The tunnels are supported by Eucalyptus poles. The ladders are also made of Eucalyptus. There are no safety measures in place. We had to scramble over blasted rocks in some places. The air is full of dust with barely adequate ventilation. Miners suffer from Silicosis and stop working when 80% of their lungs are affected. Blasting is done at 12:00 and 5:00pm. This is to allow the dust to settle before work is resumed. Winches, both hand and electric are used to bring the rocks up from the mine to the level with rail tracks.
First we put on protective clothing, pants, gum boots, jacket, hard hat with light. Then we purchased gifts for the miners and Gobierno. These consisted of coca leaves and soft drinks for the miners, coca leaves, 96% proof alcohol and cigarettes for Gobierno, dynamite, silicone and a fuse to make a big bang for us. Then it was into the mine. I found it very interesting but physically demanding. We climbed down 3 sets of ladders, about 60 meters each. There was a break between each set while an aspect of mining was explained. Not so going up! That was one long haul. Hard when your not very fit and it is over 4000m above sea level. It took a few days for the pain in my thighs to go away.
Monday 29 November 2010, Oruro (elevation 3726m)
Up and down through the mountains until we eventually started driving across a large plateau past herds of Llamas. Oruro is really a stop over for us. There are hot springs nearby and various museums to visit. Instead we rested. We both have a loss of energy due to the height and need rest.
Tuesday 30 November to Friday 3 December 2010, La Paz (elevation 3634m)
Our first view of La Paz was stunning. La Paz is built along a valley and has spread right up the sides. Once again there are plenty of unfinished buildings. Apparently taxes are only paid on finished buildings.
The city is vibrant with cake shops, street sellers, and museums. Sitting and watching the passing crowd is great, especially the women in bowler hats. The Witches Market is very touristy. There are llama fetuses and various charms for sale along with the usual tourist souvenirs.
I enjoyed the Coca Museum. It covers the coca tradition among the Andes peoples and modern day production of cocaine. Various points are made. This is my selection. Coca from 3,000 years ago has been found, so it has been chewed and used in religious ceremonies for a long time. In 1551 the church condemned coca because of its spiritual associations. In 1573 they changed their minds and said it was essential to the life of the Indians. Why? Because the Indians were forced to work in the mines for 48 hour days without adequate sleeping breaks (eating underground is considered wrong by the Indians) and chewing coca allowed them to be productive over this period. They were paid in coca leaves. These days it would be considered slavery. The conquistadors took control of coca production. Commerce wins out! In 1905 a chemist named Einhorn synthesized procaino, one of the active ingredients in coca. The reason for isolating and synthesizing the active ingredient was because of coca's value as an anesthetic. Modern medicine uses this almost exclusively today. Natural coca was driven off the market and later banned. Some time after this cocaine was produced and sold into Europe and the USA. In 1976 Harvard University published a study and compared coca to quinoa, peanuts and wheat due to its nutritional value. Now the benefits of coca are reaped by pharmaceutical companies and illegal cocaine producers. The Indians do not make large amounts of money from coca. Several countries in Europe and of course the USA are allowed to produce a limited amount of coca per year. One of the pharmaceutical companies benefiting from this is owned by Coca Cola! Makes you wonder. Naturally no South American countries are included. The comment I liked best is that never before have guns and prohibition been used to fight a medical problem. Addiction is a medical problem. I recently read a book on cocaine where it was said that in the USA policemen using cocaine are treated for their addiction. They are not penalized. It pointed out that cocaine per se is not addictive unlike other drugs. The same book recommended allowing all drugs to become available but controlled and distributed through doctors. This would allow the production of coca; no longer criminalize the Indians for doing something they have been doing for a long time without problem: best of all remove the drug barons and criminals from the distribution chain. But it is better politics to fight with guns even if more expensive. I enjoy my coca tea!.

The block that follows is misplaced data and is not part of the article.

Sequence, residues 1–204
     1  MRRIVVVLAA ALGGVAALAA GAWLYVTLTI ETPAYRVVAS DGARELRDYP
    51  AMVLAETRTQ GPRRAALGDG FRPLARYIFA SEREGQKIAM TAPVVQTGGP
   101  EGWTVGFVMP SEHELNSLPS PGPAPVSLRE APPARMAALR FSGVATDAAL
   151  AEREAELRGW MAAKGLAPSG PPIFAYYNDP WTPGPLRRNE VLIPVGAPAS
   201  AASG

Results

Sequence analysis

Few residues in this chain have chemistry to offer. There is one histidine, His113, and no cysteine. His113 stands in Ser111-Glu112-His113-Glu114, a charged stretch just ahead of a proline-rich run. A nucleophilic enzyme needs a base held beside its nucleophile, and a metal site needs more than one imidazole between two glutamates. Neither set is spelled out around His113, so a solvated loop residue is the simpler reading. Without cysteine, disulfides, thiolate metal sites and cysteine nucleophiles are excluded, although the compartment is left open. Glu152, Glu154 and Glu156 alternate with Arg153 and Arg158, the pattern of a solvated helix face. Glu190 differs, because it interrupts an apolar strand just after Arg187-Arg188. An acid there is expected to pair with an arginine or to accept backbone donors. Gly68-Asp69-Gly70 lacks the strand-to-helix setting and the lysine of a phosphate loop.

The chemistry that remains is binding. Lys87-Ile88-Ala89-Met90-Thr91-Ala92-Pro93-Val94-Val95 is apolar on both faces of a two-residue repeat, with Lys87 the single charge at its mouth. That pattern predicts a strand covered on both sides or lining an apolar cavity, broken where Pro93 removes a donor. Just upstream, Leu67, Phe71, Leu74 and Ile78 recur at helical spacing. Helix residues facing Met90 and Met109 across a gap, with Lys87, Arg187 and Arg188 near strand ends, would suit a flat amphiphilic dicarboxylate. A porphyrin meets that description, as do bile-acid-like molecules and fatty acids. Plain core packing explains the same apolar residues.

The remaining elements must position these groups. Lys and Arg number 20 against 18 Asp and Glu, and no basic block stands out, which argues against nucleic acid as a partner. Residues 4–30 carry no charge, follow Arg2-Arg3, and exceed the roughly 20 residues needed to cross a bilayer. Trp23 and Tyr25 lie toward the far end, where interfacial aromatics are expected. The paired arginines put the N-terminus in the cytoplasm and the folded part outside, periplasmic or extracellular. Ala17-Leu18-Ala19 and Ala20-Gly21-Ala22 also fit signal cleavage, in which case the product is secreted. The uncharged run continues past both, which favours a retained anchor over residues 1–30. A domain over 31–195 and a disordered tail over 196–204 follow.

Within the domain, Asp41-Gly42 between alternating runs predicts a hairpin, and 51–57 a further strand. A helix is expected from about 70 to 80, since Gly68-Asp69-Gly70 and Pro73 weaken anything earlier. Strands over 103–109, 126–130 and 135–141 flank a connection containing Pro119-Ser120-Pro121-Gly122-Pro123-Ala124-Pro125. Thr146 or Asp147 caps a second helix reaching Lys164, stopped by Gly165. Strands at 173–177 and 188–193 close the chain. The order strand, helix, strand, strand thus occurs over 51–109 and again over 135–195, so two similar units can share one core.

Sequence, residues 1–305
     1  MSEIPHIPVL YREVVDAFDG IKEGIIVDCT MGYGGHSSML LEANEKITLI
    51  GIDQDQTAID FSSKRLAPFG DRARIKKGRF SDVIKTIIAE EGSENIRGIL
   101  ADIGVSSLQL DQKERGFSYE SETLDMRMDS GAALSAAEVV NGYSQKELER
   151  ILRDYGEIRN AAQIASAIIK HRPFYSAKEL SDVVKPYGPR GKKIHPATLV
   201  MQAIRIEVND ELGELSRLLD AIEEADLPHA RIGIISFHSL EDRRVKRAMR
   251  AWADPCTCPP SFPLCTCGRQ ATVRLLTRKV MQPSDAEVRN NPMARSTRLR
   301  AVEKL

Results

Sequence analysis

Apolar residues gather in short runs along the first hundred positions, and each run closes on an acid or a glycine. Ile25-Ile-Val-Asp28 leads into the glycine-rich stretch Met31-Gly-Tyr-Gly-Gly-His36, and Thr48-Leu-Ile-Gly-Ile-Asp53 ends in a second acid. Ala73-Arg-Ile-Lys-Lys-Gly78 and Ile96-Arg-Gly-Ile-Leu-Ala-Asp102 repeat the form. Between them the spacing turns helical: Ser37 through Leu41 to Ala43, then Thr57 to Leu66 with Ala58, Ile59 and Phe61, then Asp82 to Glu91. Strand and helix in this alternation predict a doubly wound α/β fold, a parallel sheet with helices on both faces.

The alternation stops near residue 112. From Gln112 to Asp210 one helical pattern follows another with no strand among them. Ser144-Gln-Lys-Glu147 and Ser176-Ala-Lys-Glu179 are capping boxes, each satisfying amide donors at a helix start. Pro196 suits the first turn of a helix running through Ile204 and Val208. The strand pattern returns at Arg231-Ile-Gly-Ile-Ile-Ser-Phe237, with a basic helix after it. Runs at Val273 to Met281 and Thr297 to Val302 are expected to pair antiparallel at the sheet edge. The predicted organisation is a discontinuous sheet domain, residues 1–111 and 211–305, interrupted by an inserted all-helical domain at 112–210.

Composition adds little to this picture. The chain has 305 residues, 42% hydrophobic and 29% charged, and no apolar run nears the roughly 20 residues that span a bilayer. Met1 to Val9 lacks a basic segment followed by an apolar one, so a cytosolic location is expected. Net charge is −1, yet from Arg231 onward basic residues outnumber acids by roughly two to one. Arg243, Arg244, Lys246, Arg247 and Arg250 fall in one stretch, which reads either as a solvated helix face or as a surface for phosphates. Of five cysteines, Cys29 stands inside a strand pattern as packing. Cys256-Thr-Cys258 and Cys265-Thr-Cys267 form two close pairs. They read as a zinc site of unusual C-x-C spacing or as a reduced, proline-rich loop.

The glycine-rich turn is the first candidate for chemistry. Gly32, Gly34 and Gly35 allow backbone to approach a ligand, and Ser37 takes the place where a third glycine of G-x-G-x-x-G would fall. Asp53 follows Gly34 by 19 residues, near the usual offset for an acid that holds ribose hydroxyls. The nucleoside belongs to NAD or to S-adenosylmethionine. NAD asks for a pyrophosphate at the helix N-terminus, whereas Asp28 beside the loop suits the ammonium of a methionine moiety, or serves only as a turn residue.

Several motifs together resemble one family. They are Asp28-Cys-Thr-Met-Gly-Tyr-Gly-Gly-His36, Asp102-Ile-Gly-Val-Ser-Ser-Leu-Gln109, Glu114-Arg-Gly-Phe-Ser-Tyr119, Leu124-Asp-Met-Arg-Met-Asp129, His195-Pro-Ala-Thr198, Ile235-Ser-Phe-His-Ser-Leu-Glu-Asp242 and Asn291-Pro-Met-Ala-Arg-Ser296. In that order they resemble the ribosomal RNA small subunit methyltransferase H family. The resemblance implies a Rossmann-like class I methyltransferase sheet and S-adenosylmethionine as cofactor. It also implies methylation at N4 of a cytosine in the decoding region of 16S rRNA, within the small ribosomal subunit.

Saturday 4 December to Monday 6 December 2010, Copacabana (elevation 3855m)
The road to Copacabana goes around the shore of Lake Titicaca and across the water between Titicaca and another small lake. Copacabana is a small town with tours to Isla del Sol and Isla del Luna where there are Inca ruins. I visited Isla del Sol on a full day tour so I could see the ruins in the north of the island which are supposed to be better than those in the south. There was a tour guide who only spoke Spanish. The ruins were not that impressive. They were roughly put together and until I read up on the ruins on the Internet I have no idea of the various functions. The walk in the north was enough for me. On the stop over at the south of the island I had some lunch and sat in the sun until it was time to leave.
The weekend was dedicated to tourism. There were several dance groups performing in the main square. Lovely. The blessing of the cars went ahead twice a day as usual. The cars are decorated with flowers and a priest walks around throwing holy water on the cars and their owners - for a gratuity naturally.
|Cost of diesel per litre||0.67|
|Camping per night||South America menu|
|Hotels per night||14.05|
|Kilometers traveled||1,584||Home Page|
|Days in country||16|